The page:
Spotlight: PICU Nurse Shan

The 618 Series is a series of interviews with Registered Nurses designed to give you an inside, uncensored look into real nurse life.

The 618 Series Presents…

Nurse Shan, BSN, RN

Specialty: Pediatric Intensive Care Nurse; Adult Intermediate Care Nurse

Shan, what are the 6 most interesting things about your specialty? 

  1. In the Pediatric Intensive Care Unit, or PICU, we take all ages from newborns to 23 year olds with childhood chronic disorders/ transplant recipients.
  2. Watching how Pediatric Nurses and Physicians have the ability to calm a child is thee most creative thing I have seen. Many of the children we see are facing scary situations and it makes them the strongest little warriors.
  3. Being in the PICU for the past couple of months has opened my eyes to the relationships that are formed with the patients and their families. You get attached to the children, watching them heal and grow like they are your own. The time children spend in the PICU  allows you the chance to see many of their first moments. You appreciate every milestone as a huge accomplishment.
  4. Working in pediatrics takes patience and understanding because most children see what you are doing and how you are doing it. If there is a particular treatment a child doesn’t like, while they may not be able to comprehend the importance of needing that treatment, they can certainly comprehend how uncomfortable it makes them feel and they will refuse the treatment.
  5. [Bonus from Tae] Common reasons that a child may need to stay in the PICU are: respiratory failure, postoperative care, lung disease, severe infection (sepsis), or because they are suffering from a neurological problem (like seizures), to name a few.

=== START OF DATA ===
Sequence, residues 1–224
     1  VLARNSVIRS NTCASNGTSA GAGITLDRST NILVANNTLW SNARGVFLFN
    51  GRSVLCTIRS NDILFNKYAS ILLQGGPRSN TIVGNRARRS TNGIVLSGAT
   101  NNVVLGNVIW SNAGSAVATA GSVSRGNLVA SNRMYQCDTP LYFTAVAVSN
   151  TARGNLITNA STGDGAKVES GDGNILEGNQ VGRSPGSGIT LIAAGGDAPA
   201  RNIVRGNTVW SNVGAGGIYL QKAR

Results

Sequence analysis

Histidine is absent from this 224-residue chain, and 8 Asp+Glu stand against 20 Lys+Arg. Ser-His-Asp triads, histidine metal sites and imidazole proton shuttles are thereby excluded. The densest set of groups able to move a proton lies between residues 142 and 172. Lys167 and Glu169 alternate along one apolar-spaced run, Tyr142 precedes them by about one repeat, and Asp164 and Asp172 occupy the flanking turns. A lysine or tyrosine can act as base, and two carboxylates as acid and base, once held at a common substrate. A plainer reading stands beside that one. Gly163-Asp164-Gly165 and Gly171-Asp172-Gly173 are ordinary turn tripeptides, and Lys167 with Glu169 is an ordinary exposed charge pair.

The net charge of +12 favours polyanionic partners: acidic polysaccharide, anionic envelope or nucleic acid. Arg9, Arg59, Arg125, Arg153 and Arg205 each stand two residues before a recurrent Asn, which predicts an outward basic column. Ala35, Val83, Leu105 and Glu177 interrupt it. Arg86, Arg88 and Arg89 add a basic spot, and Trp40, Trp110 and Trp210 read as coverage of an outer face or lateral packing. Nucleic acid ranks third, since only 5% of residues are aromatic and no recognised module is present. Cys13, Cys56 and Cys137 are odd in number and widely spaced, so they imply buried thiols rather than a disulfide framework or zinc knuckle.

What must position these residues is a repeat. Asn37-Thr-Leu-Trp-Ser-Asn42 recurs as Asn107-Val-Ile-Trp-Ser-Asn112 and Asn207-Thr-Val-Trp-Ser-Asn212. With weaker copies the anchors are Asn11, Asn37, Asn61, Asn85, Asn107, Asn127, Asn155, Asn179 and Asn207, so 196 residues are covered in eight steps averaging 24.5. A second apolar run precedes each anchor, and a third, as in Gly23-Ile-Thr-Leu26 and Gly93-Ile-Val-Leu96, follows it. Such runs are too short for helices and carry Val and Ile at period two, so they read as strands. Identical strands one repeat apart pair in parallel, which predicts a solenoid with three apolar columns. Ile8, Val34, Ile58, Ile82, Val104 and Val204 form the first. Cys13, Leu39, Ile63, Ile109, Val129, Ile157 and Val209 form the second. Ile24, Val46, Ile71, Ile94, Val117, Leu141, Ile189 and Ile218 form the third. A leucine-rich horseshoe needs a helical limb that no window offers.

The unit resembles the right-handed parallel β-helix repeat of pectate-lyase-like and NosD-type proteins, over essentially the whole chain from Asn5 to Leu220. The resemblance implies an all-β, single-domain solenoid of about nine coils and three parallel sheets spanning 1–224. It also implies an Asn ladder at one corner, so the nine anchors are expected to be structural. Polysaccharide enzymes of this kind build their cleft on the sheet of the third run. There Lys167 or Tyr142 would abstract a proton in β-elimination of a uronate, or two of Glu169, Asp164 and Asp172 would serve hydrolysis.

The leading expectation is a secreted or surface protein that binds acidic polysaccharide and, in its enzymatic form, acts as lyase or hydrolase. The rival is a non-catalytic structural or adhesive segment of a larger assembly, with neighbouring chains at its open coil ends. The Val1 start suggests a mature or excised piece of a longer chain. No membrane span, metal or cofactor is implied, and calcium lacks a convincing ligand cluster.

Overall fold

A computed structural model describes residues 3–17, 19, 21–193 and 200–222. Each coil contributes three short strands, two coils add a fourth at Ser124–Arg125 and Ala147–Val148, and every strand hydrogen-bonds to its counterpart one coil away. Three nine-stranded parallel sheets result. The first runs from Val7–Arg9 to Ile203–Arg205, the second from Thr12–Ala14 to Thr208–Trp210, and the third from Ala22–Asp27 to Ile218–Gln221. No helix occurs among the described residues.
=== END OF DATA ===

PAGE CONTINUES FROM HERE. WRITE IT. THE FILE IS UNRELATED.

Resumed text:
6. [Bonus #2 from Tae] One of the most difficult parts of your day can be working with the parents/families.  The child’s loved ones are dealing with an incredible amount of fear and stress. At times, family members may project their anger and sadness onto you, but it’s important to remember not to take their outbursts personally.

What is the number 1 thing you wish you had been told as a nursing student? 

Honestly, my story of how I started nursing school is a crazy one. I wouldn’t change my overall choice of becoming a nurse, but if given the opportunity, looking back, I wish I could have had more time to look into other programs and scholarships. Additionally, something I did not know before starting nursing school was all of the different pathways you can take once you do become a nurse.  There are also so many organizations that need nurses and thus are willing to pay for your education.

If you had 8 minutes to speak to the entire world on one issue in healthcare, what would you speak about? 

One of the biggest issues within healthcare across the world is the inability for all to have the right to good health. Some countries have instituted free healthcare for all citizens, but for others countries, political and financial gain negatively impacts the health of the people. The inability to afford treatment not only puts a financial strain on those who are sick, but it has a negative impact on their mental and emotional well-being as well. It is my hope that as time progresses we find a better way to provide free, preventative measures and healthcare for all.

Shan provides excellent study tips, check her out on Instagram @_nurseshan!!


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